Trying to get that elusive perfect bracket prediction depends on being able to spot an upset coming up on the horizon. That’s the fun of the tournament in many ways: A high-seeded team could theoretically progress much further than expected and could even have a Cinderella-story victory over the whole field. But picking that specific team or those individual games that will end in an upset is incredibly challenging.
What makes it so difficult? The answer provides an interesting insight into the nature of probability (not to mention how to maximize your chances in your bracket).
ICYMI: Check out Sciencing's guide to 2019 March Madness, complete with statistics to help you fill out a winning bracket.
Defining an “Upset”
The first problem when you’re talking about upsets is what actually constitutes an upset. The NCAA defines an upset as any team beating another that is two seed places above them. However, this isn’t an “official” definition by any means. Others have opted for a difference of four or more in the seeds, but for our analysis, we’re defining an upset as a gap of five seed spaces or more. So a No. 8 vs. No.9 game can’t result in an upset but an No. 6 vs. No. 11 game can.
How Easy it is to Predict a Favorite
Understanding why predicting upsets is so challenging means understanding why it’s so easy to predict that the favorite will win. Most upsets happen in the first round, so using this as a guide and based on games since 1985, the win percentages speak for themselves:
The first matchup in particular shows why it’s really easy to correctly pick a favorite to win. Out of every 100 No. 1 vs. No. 16 games, only one will result in an upset. You can pretty much pick the first-seeded teams and be near-guaranteed a correct choice. The No. 2 and No. 3 seeds are in a very similar position. For the No. 4 seed, it’s not quite as clear-cut, but there will still only be an upset in one out of every five games.
Why Choosing an Upset is Hard
Despite these quite damning statistics, there is still an average of 8.1 upsets per year in the tournament. So if you’re going to go for a perfect bracket, you’re going to have to include some upsets.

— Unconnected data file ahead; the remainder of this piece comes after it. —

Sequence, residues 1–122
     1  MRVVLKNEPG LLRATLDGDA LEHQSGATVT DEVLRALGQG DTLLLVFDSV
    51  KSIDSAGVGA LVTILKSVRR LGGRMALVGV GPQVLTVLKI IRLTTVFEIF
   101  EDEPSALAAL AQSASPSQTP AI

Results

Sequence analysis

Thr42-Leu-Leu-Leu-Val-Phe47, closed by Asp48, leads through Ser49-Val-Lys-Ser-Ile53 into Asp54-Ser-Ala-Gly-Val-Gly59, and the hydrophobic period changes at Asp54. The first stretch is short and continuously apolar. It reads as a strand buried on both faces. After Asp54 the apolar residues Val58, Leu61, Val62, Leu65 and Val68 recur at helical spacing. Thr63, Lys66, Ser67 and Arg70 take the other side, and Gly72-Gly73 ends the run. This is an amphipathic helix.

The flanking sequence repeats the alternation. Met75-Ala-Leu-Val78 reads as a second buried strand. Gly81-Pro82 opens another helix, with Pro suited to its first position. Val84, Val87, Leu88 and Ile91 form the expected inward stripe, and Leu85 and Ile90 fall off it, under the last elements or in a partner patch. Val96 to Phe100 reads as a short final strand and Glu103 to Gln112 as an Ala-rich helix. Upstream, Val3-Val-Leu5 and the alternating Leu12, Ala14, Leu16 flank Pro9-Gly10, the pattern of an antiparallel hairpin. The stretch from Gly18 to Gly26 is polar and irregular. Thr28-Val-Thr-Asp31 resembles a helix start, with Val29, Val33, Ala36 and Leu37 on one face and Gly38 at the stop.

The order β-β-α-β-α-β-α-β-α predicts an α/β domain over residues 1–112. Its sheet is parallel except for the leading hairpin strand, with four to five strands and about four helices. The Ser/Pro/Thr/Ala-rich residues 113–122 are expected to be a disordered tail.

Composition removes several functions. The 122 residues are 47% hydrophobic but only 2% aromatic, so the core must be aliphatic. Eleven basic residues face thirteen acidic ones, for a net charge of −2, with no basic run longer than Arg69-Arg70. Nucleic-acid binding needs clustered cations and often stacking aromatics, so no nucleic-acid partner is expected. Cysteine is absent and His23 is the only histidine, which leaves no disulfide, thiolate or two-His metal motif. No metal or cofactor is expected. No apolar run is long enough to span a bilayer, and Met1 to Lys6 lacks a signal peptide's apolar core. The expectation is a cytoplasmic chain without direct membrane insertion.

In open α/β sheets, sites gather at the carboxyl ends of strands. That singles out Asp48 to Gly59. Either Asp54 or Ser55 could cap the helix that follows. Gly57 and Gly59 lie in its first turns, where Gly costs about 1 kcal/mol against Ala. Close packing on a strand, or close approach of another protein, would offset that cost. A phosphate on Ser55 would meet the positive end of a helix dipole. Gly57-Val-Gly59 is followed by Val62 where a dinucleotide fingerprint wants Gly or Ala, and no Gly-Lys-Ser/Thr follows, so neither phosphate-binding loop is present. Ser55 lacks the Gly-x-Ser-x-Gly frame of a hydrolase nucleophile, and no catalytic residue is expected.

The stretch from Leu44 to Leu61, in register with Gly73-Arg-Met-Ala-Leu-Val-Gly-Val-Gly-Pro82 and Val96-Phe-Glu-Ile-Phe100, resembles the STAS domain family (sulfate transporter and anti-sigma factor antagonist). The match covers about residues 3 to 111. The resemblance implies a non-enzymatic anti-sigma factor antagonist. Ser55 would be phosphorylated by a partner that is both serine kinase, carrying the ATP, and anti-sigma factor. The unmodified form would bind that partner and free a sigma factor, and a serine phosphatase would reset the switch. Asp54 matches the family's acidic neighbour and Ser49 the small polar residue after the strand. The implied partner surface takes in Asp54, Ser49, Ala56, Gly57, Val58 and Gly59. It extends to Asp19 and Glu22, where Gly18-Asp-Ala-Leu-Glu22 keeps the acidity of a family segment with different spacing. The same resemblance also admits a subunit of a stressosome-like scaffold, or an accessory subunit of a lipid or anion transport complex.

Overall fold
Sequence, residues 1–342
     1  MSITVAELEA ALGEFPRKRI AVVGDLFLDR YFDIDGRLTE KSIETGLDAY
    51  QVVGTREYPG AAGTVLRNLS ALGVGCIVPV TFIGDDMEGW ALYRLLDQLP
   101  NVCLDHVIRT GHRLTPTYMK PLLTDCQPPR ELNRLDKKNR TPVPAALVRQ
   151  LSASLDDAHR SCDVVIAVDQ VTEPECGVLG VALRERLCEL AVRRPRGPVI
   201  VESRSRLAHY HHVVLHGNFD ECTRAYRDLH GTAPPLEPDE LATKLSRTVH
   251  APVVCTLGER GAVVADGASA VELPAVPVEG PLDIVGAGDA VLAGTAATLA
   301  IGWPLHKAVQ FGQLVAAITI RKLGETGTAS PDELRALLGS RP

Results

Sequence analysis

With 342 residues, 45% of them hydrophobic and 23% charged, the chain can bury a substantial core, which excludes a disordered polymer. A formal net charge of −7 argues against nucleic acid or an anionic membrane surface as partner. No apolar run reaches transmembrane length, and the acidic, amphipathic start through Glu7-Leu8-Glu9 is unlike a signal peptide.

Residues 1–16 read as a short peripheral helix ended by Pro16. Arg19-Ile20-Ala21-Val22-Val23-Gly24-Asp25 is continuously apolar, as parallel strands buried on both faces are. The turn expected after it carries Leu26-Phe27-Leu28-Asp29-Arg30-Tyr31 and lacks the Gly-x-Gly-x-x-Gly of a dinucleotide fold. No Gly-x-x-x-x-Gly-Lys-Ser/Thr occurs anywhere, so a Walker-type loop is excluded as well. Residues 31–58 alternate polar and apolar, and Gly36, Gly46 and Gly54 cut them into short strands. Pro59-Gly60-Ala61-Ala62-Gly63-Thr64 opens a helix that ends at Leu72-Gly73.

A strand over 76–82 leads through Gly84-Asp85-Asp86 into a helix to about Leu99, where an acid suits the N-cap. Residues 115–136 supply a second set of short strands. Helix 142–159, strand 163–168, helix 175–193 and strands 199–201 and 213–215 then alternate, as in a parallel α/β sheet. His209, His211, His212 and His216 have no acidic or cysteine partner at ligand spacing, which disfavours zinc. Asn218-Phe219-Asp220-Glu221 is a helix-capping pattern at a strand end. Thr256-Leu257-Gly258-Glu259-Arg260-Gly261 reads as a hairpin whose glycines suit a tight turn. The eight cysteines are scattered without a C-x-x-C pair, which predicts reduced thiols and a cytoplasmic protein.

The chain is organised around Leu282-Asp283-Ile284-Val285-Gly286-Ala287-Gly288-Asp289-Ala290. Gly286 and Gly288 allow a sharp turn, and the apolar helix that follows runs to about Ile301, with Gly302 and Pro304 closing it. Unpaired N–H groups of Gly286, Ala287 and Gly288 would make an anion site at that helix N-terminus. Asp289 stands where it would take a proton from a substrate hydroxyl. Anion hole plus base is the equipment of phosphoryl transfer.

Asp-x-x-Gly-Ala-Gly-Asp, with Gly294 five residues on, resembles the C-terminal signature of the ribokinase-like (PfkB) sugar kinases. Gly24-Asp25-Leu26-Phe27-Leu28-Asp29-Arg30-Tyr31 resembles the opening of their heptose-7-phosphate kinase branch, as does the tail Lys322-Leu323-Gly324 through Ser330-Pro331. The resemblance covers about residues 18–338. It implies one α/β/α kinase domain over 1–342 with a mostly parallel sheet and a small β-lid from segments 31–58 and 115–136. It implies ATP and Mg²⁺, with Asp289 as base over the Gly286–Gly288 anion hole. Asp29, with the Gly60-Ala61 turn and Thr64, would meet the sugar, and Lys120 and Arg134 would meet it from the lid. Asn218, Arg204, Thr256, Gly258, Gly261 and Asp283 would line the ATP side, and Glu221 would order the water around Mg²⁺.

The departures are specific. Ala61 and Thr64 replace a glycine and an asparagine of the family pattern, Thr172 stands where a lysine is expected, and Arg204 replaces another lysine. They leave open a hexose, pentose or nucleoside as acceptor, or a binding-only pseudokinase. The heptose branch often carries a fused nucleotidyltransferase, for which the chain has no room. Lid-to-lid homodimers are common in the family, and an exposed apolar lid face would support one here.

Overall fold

But by the very nature of an “upset,” you’re trying to choose an unlikely result. Who would really choose the No. 16 seed in the first matchup, after seeing the statistics? Well, in 2018, 1.9 percent of people who completed the March Madness Bracket Challenge did, and at that point there had never been a victory in such a game. Then UMBC beat Virginia by an impressive 20 points (pictured above). The upset happened.
The nature of using probabilities is that you’re never really certain. There is pretty much always some potential for the result to go the other way. The challenge of picking upsets is that not only do you need to beat the overwhelming odds, you also have to say where exactly the upset will occur.
It’s like saying, if you roll two dice 50 times, which roll number will have a result of 12? The 1/36 chance of any roll being a 12 suggests it will happen over the whole 50, but choosing the individual roll is incredibly difficult. Probability doesn’t tell you when; it’s just as unlikely on every single roll. Even worse, there might never be a 12 roll, or there could even be 50 of them. This, more than anything, is why definite predictions against the odds are always challenging.
How to Pick Upsets
So you’re always going to be fighting the odds, but if you want a perfect bracket, you’ll have to include some upsets. Luckily, you can still use the data to help you decide where to put them.
Most of your picks should be in the first round. The data suggests that of the 4.6 average upsets per year, the No. 11 vs. No. 6 matchups are the most likely place, closely followed by the No. 12 vs. No. 5 and then there is a bigger gap in the number of upsets between that and the No. 14 vs. No. 3 games. It continues as you’d expect – down to the No. 15 vs. No. 2 matchups, which have only had eight upsets since 1985. The best advice is to pick four or five upsets in this round and keep most of them for the No. 11 or No. 12 seed teams.
The second round has 2.9 upsets per year, with the No. 7 vs. No. 2, No. 10 vs. No. 2 and No. 11 vs. No. 3 games being the most likely spots for an upset. Beyond this, upsets are much less likely but they’re still very possible. If you pick between six and ten upsets in your bracket, keep most of them in the first two rounds, but if you’re going with more upsets, one or two later on is the best approach.